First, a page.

Woman charged in Endia Martin killing calls prosecution 'vindictive'

- First, Vandetta Redwood refused to testify against a relative facing murder charges for the fatal 2014 shooting of 14-year-old Endia Martin.

Then Redwood found herself under federal indictment less than two weeks later, facing serious prison time for her own alleged role in Endia’s death.

Now her lawyers claim “vindictive” prosecutors have sought to punish Redwood for exercising her constitutional right not to testify, and they have asked U.S. District Judge Amy St. Eve to dismiss the case, the Chicago Sun-Times is reporting.

“This action, but for Ms. Redwood’s exercise of her constitutional rights would never have occurred,” defense attorney Alison Motta wrote in a motion filed Saturday.

Redwood has been accused of supplying the loaded .38-caliber revolver allegedly used by a teenage relative to take Endia’s life. She was also charged with possessing a firearm within 1,000 feet of Oliver Wendell Holmes Elementary School and Visitation Catholic School.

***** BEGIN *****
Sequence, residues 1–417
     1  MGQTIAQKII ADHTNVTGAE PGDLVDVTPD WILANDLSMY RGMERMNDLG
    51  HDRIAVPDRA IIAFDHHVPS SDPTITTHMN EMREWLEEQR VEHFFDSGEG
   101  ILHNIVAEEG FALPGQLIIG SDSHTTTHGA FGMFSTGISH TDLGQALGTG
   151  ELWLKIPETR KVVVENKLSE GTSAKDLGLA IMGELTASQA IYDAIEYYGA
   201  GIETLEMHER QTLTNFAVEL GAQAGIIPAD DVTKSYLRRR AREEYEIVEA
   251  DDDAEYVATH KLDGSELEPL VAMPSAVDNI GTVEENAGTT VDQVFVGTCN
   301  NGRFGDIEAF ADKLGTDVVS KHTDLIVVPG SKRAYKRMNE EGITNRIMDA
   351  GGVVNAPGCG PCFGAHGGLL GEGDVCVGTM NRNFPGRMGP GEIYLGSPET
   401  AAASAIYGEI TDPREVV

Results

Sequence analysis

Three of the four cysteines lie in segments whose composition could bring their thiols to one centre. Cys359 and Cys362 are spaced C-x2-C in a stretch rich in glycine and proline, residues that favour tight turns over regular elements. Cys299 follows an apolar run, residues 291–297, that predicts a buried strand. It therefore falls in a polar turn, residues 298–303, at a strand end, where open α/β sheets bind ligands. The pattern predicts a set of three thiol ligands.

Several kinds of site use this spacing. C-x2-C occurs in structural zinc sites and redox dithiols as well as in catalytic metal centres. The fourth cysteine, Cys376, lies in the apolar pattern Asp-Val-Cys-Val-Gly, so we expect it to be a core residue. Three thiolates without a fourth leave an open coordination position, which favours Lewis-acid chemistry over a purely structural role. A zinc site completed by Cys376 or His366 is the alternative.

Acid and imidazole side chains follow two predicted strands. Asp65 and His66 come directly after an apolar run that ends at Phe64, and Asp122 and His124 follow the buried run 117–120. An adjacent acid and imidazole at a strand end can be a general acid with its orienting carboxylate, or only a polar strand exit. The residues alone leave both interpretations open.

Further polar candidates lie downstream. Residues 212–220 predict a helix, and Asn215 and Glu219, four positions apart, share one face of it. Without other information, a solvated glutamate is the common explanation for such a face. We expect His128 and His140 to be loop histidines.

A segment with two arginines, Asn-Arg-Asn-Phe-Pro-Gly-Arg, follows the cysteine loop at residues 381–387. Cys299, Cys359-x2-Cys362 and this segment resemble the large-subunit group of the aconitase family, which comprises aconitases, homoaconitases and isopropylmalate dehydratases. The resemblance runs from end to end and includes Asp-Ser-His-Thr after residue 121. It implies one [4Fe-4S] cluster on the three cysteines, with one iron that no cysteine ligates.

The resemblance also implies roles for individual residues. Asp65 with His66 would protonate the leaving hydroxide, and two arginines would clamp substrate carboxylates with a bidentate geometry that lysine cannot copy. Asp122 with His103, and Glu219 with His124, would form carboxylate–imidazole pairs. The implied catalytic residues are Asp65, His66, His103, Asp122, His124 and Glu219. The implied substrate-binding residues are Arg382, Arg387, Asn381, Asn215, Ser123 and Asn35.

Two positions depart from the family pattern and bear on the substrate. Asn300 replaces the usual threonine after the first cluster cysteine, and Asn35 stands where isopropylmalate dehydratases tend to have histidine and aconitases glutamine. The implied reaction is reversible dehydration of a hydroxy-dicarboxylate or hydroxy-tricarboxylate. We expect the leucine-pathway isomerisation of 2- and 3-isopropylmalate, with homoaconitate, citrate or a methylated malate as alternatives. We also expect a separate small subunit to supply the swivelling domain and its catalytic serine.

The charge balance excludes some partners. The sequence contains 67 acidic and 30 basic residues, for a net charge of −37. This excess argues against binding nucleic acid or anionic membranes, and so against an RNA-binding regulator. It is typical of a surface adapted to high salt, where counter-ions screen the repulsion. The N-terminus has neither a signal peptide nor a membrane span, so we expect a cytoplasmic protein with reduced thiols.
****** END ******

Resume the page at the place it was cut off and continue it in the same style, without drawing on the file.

She dodged charges early on in connection with the murder. Redwood was accused of mob action and obstruction of justice in the days after the April 28, 2014, shooting. But Cook County Judge Donald Panarese Jr. dismissed the case weeks later, calling video evidence supporting those charges “choppy” and “poor.”

A federal grand jury didn’t indict Redwood until Feb. 10. She is set to go on trial July 11. Her cousin, Donnell Flora, was convicted in late January of first-degree murder in Endia’s death, as well as the attempted first-degree murder of another girl wounded in the incident. Prosecutors also accused him of providing the weapon to his niece, then 14, who then used it to kill Endia in the 900 block of West Garfield.

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